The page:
Kenwood's 75th Anniversary: 1929-2004

The Dice House

DICE HOUSE LUCKS OUT

Albert Harum-Alvarez, secretary of The Dice House Coalition

[originally published by Dade Heritage Trust, and no longer current: the Dice House is planned to be moved to Continental Park]

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Just how endangered can a designated historic site be? Try this: Two
neighbors notice workers pulling the siding off Kendall's historic Dice
House, in preparation for demolition. They call Rick Ferrer of the county's
Historic Preservation office, who speeds from downtown with a
cease-and-desist order.

Plucked from the brink, the Dice House is in the midst of a stunning
comeback. Thanks to a sensitive and enthusiastic new owner, the Dade County
pine cottage is now set to become the Dice House Café, a neighborhood spot
featuring outdoor dining and live music on its soon-to-be-rebuilt porch.

The café will also feature its place in local history as the oldest house in
Kendall. It was built in 1917 by feed store owner and unofficial mayor
David Brantly Dice, but it seems to have been built using a much older house
as the starting point. Under the generous hipped roof was a second cedar
shake roof, which may have belonged to a structure dating from before the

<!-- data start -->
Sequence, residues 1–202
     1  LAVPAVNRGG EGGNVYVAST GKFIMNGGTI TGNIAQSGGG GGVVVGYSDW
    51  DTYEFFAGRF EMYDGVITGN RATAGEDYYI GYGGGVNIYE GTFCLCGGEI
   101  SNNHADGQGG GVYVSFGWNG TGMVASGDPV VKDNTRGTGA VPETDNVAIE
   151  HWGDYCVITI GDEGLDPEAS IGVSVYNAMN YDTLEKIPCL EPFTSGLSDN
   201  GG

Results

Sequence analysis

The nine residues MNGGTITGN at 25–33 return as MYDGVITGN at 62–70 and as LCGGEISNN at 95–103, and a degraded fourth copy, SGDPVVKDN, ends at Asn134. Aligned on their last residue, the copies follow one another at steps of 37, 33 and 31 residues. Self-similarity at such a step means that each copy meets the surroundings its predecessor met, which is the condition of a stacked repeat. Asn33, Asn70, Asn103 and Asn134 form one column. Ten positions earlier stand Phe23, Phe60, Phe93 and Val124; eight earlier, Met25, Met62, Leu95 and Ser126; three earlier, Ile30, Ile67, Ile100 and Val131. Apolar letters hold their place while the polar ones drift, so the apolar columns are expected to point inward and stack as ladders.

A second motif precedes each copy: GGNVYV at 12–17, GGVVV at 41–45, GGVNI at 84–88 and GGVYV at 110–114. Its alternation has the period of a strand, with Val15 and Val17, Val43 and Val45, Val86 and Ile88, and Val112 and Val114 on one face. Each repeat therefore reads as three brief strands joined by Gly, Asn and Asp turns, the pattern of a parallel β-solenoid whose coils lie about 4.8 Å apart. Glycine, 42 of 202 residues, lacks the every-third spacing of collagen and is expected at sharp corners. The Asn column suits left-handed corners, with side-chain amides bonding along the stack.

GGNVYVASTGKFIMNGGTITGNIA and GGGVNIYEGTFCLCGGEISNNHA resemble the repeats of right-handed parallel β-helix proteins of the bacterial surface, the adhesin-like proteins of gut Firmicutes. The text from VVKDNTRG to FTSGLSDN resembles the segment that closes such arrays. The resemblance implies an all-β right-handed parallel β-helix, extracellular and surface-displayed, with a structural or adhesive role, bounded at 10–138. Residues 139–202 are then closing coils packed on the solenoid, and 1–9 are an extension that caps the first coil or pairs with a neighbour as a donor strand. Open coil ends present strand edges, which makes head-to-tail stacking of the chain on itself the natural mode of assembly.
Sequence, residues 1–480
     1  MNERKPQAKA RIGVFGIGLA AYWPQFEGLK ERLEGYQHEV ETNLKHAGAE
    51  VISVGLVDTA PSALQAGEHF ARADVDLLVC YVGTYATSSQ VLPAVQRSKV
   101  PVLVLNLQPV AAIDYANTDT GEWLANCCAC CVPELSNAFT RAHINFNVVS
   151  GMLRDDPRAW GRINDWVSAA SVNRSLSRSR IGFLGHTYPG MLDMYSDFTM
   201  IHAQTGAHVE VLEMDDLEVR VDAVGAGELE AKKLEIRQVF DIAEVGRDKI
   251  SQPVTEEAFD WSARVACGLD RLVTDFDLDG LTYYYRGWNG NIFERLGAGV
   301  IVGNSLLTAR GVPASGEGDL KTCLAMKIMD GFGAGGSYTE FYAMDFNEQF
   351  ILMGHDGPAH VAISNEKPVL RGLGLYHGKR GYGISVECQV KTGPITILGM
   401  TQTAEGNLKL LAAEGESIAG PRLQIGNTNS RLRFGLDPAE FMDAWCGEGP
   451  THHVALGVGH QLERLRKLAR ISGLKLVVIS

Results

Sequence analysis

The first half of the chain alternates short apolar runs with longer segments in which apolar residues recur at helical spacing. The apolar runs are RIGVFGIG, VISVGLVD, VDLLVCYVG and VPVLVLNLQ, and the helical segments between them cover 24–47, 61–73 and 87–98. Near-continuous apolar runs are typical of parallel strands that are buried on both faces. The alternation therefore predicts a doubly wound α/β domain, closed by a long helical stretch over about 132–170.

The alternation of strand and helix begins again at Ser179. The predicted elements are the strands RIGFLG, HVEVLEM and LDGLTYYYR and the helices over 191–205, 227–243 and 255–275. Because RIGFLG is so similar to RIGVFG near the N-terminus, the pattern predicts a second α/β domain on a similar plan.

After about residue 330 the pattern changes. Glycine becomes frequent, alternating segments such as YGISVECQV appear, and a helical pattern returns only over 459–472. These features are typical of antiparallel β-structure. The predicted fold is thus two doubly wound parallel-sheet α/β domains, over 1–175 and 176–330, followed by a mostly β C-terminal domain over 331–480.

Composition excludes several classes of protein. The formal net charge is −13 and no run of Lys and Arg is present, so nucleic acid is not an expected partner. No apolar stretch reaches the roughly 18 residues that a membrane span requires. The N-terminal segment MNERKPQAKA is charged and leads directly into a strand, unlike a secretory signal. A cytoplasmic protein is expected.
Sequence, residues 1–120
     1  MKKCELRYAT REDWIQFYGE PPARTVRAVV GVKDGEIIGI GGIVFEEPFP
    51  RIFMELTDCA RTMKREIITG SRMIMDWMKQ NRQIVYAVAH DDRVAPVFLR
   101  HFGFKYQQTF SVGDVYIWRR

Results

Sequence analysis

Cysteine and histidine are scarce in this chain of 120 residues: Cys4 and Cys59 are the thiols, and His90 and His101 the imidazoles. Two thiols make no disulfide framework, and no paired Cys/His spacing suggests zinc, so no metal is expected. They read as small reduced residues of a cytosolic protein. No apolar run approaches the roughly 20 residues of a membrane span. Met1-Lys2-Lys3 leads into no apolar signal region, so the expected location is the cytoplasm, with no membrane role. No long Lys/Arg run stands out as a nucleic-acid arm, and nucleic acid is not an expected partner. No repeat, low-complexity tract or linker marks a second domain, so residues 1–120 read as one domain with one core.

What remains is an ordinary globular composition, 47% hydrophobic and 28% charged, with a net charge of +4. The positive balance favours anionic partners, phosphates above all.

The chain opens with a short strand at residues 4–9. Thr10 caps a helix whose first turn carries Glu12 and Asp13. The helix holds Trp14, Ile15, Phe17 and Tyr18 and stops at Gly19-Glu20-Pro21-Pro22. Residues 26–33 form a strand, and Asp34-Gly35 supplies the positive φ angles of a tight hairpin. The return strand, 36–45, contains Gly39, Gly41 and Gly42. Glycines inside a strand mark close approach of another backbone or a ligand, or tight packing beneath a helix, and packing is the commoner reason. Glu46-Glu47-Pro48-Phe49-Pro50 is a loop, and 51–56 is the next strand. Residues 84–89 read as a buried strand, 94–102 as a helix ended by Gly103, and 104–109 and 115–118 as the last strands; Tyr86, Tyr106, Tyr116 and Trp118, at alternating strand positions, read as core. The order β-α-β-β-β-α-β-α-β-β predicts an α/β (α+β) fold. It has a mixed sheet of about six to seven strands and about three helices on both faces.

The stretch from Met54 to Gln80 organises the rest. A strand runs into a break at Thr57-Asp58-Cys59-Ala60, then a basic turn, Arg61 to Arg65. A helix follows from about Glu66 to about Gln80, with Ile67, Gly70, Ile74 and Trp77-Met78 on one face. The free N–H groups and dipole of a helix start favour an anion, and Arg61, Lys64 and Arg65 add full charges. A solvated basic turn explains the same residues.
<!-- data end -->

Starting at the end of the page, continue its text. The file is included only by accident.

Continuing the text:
turn of the 20th Century.

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"Kendall HAS a history?" you ask. But of course! As one of the highest
points along the limestone spine of South Florida, the Kendall area was a
natural spot for native peoples, panthers, rattlesnakes and other settlers
with an interest in staying high and dry. In summer, Kendall was a veritable
island, surrounded by sawgrass sloughs and the meanderings of Snapper Creek.

Kendall was named for a London merchant who came to South Dade in the early
1900s to manage the groves he co-owned. Henry Flagler's railroad naturally
passed through Kendall as it followed the limerock ridge southward, and
Flagler set up a model orange grove at Kendall. Most of that grove is now
part of Pinecrest, on the east side of US 1. You'll now find the Metrorail
and the South Dade Busway following the same route as the old railroad.

Kendall's train station was located along SW 77th Avenue, which is still
called "Kendal Avenue" (using an early spelling with one 'L') between 98th
Street and 100th Street. And that's where the Dice House can be found, on
the corner of 99th Street and Kendal Avenue.

Mr. Dice's store, Kendall Feed and Supply, was located a block north, to the
east of the railroad track located about where the Metrorail tracks now end.